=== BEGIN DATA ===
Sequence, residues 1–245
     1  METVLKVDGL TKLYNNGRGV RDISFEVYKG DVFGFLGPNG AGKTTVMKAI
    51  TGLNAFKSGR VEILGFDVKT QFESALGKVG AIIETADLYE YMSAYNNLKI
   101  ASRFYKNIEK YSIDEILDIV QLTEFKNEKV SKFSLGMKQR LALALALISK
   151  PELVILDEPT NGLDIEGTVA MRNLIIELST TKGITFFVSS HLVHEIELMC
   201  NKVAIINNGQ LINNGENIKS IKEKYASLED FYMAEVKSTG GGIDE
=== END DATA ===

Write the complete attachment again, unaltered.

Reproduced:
Sequence, residues 1–245
     1  METVLKVDGL TKLYNNGRGV RDISFEVYKG DVFGFLGPNG AGKTTVMKAI
    51  TGLNAFKSGR VEILGFDVKT QFESALGKVG AIIETADLYE YMSAYNNLKI
   101  ASRFYKNIEK YSIDEILDIV QLTEFKNEKV SKFSLGMKQR LALALALISK
   151  PELVILDEPT NGLDIEGTVA MRNLIIELST TKGITFFVSS HLVHEIELMC
   201  NKVAIINNGQ LINNGENIKS IKEKYASLED FYMAEVKSTG GGIDE